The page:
Begoña met the man she would eventually marry in the UK and gave birth to a baby daughter four years ago.

Interviewed on January 16th, 2017.

GABRIELA

Gabriela, an office worker from Romania in the house she shares with her British husband Tim. Calverton, 2017.

Gabriela, an office worker from Romania in the house she shares with her British husband Tim. Calverton, 2017.

«My initial reaction [to the referendum result] was quite raw and quite strong. I remember saying to my husband ‘That’s it. I’m officially not welcome in this country. I no longer see the UK as a potential home.

By the time I started feeling that I was setting down, Brexit happened and everything changed. Nowadays it feels more like a place of transit mainly because of all the uncertainty surrounding it.

Even though quite a few people around me tell me that I shouldn't worry because I'm one of the "good" immigrants somehow it doesn't really make me feel better.

I  suppose it's more a matter of principle than my actual situation here. I am not sure I feel entirely comfortable with the idea that I would always be tolerated, but never integrated.»

Gabriela comes from Romania. She met Tim - an Englishman and now her husband - in the Czech Republic in 2012 when they were both working for the same company. After a couple of years they decided to move away.

Gabriela is a Modern Languages graduate and has a PhD in Contemporary British Literature. She works as a team leader in the finance department of a global company.

Interviewed on March 29th, 2017.

MARIA

Maria, a Spanish University teacher, in the flat she shares with British partner Simon. Nottingham, 2016.

Maria, a Spanish University teacher, in the flat she shares with British partner Simon. Nottingham, 2016.

«I experienced a lot of sadness and anxiety at the beginning. Brexit made me question whether this was really the place for me in the long term. I felt left out at a time when I was working hard to fit in and adapt to British culture.

I think some people view us as second class citizens, just because we weren’t born in the UK, which I find unacceptable. In fairness, I have had a lot of support from some sectors of society, like work colleagues and my own students, which has made me feel a bit better.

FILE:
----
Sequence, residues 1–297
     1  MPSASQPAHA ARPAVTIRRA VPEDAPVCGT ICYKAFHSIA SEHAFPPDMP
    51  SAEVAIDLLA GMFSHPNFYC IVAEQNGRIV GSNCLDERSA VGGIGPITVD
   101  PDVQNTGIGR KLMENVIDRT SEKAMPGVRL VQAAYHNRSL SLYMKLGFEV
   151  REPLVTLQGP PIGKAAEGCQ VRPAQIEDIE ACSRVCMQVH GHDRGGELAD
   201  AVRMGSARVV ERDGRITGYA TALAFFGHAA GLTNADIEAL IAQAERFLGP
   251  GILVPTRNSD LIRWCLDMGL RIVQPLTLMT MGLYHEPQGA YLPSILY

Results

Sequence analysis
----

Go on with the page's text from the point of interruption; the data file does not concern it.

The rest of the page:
I am not sure where I will end up, I’m young and there’s a whole world out there to explore. I’m actively looking for work in another country, and won’t hesitate to leave the UK when I find it.»

Maria came to the UK from Madrid in 2014. 

She is currently enrolled in a Masters Programme to further her skills as a language teacher. In the future, Maria would like to develop her own Spanish-teaching business, using her passion for cooking as a medium for teaching the language.

Interviewed on September 26th, 2016.

Maria moved to Spain in 2017 to work as a teacher of English as a foreign language, this ended her relationship with her long-term British-Spanish partner (Simon in these series), who stayed in the UK.

RIMANTE

Rimante, a purchasing assistant from Lithuania, in her sitting room. Nottingham, 2017.

Rimante, a purchasing assistant from Lithuania, in her sitting room. Nottingham, 2017.

«I was very surprised to hear the result of the referendum. Then all the negativity poured in, everyone around me seemed so distressed and negative about it.

 I felt confused because everyone who campaigned to get that result then disappeared and took no responsibility. I don’t think there was enough information in general, on either side, and the press just weren’t helping at all.

I still don’t know what Brexit is all about. Is it just about leaving the European Union? Is it about getting rid of foreigners coming over? Is it about the country becoming independent?

Personally I haven’t felt any bad effects, everyone at work was very supportive.. It’s important to remember that this is not just affecting EU nationals, it’s affecting a good number of British people and businesses as well.

I feel like no matter what’s happening if people unite we can all just live here happily. If I ever feel like I want to leave I’ll leave, but not because of Brexit.»

Rimante arrived in the UK from Lithuania in 2014 looking to further her education and find better opportunities for herself. She studied Multimedia at her local University for two years and then completed a course on alternative therapies.

Rimante now works for the buying department of a builders’ merchant retailer.

Interviewed on February 7th, 2017.